Secondly, what happens when in a short-list there are female candidates; however across the full range of selection criteria they fall slightly short against the comparable male candidate? In pursuit of a gender diversity target, should the female candidate be hired regardless? To do so, whilst admirable, must mean that an organisation is prepared to take a longer term view, knowing it will need to potentially provide more resources in terms of training and support to enable the new female recruit to get completely up to speed. How will shareholders and other key stakeholders react in an environment where a drive for increases in profits is often the key (and only) indicator of success? Also, what is the potential effect on an organisation’s human capital (employee motivation, staff turnover etc.) if sub-optimal leaders are appointed purely to meet a well-intentioned gender diversity target?
Thus we get back to the dilemma of merit based versus diversity based recruitment. Having spoken to literally hundreds of very successful female executives in my career as an executive recruiter, I believe that almost without exception they would say they achieved their professional success due to the merits of their career, rather than the fact they are a woman. The challenge then is in providing women with the mentoring and education during their early career to ensure that when the roles they aspire to become available, they are truly job ready and are offered the position based on the fact they are the best candidate for the role.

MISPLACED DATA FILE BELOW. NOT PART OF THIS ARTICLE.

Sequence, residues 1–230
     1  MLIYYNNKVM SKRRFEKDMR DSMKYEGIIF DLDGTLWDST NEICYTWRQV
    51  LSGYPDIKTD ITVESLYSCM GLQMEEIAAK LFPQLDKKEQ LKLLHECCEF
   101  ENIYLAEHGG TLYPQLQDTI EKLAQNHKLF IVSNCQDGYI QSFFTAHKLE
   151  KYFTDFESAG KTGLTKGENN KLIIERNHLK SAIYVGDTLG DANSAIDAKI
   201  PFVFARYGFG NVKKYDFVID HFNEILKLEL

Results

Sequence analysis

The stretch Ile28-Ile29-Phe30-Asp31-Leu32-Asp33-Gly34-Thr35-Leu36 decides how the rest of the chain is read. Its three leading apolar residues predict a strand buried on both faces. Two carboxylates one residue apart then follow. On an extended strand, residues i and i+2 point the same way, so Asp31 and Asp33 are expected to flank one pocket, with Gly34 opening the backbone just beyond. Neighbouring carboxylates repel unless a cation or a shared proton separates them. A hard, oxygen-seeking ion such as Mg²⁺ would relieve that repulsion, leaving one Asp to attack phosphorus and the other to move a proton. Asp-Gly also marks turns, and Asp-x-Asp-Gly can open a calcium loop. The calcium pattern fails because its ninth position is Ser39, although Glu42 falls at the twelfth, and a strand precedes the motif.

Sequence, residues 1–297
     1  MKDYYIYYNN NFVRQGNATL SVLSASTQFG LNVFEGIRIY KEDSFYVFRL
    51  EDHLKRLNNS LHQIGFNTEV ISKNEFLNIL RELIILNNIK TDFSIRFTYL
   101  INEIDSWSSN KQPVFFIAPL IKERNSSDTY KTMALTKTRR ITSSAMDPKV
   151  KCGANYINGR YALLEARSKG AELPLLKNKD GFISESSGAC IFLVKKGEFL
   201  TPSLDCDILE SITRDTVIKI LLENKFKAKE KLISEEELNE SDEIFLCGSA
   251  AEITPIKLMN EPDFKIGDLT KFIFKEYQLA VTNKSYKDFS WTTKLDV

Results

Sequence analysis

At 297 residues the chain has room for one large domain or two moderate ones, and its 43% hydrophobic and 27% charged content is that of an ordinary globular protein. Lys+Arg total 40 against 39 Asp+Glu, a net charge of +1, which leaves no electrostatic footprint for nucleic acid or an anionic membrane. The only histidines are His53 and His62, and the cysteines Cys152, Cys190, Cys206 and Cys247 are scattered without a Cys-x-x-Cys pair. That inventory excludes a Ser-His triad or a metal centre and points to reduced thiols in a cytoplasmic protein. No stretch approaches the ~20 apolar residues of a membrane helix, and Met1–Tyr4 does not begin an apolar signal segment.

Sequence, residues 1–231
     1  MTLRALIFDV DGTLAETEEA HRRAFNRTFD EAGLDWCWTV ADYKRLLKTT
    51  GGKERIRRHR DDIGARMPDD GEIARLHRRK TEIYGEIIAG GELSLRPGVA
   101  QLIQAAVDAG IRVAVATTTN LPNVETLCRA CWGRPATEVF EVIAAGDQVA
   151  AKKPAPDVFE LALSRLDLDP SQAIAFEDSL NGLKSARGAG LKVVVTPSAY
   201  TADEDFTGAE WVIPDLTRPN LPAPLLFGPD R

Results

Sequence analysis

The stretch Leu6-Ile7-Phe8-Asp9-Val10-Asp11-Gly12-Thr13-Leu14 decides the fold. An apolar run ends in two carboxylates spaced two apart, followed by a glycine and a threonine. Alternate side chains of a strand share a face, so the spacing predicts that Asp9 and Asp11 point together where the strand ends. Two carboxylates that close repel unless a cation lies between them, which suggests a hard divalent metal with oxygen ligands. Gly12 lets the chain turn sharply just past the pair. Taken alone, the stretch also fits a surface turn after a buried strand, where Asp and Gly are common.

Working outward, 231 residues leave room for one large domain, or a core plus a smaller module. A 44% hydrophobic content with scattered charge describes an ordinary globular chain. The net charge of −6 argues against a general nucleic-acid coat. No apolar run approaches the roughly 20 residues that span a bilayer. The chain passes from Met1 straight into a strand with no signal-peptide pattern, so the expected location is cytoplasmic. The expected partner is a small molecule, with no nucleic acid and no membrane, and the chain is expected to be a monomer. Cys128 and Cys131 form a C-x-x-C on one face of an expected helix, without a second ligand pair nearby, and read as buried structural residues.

Another point to consider is women leaving the workforce to have children and then returning to their corporate careers. I believe we are still working from an old and irrelevant paradigm regarding our careers: go to school, make a decision about your preferred career by 18 years old to select the right tertiary education, get married and quickly have a few kids, and die in your fifties. However, the reality for most of us Gen X and Gen Y’ers, is that we are going to be working well into our sixties and even seventies. So it is completely conceivable that a woman can take time out of her career to have children and then return to the workforce in her forties and have another 30 years of working life. In my opinion, gender equality at senior executive levels is inevitable given the substantially longer time women (and men) will remain in the workforce in the future.
A study was done in 2004 by T.A. Judge and D.M. Cable in the Journal of Applied Psychology that less than 15 percent of American men are over six feet tall, yet almost 60 percent of corporate CEOs are over six feet tall. Less than four percent of American men are over six feet, two inches tall, yet over 36 percent of corporate CEOs are over six feet, two inches tall. Let’s assume that the Australian statistics are similar.
Do I stare up into the heavens, shaking my fist in the air, shouting, “Damn you, God, why didn’t you give me four more inches?” (for I am only five foot, ten). Do I go home and say to my wife, “Darling, you would be so much happier if I only had four more inches” (because I would earn a lot more money)?
I believe in life people are generally either Victims or Creators. Victims say, “Why is this happening to me?” and blame others and circumstances for their lack of success. Creators instead say, “How can I create a life I am truly proud of regardless of my circumstances?” I am certain that Megan, Peter, Martin and Sonia are all Creators rather than Victims, and I hope you are too.
So, you were born a female. I was born missing four inches!!! Let’s go out and create amazing, meaningful lives regardless, shall we?
Blog by Richard Triggs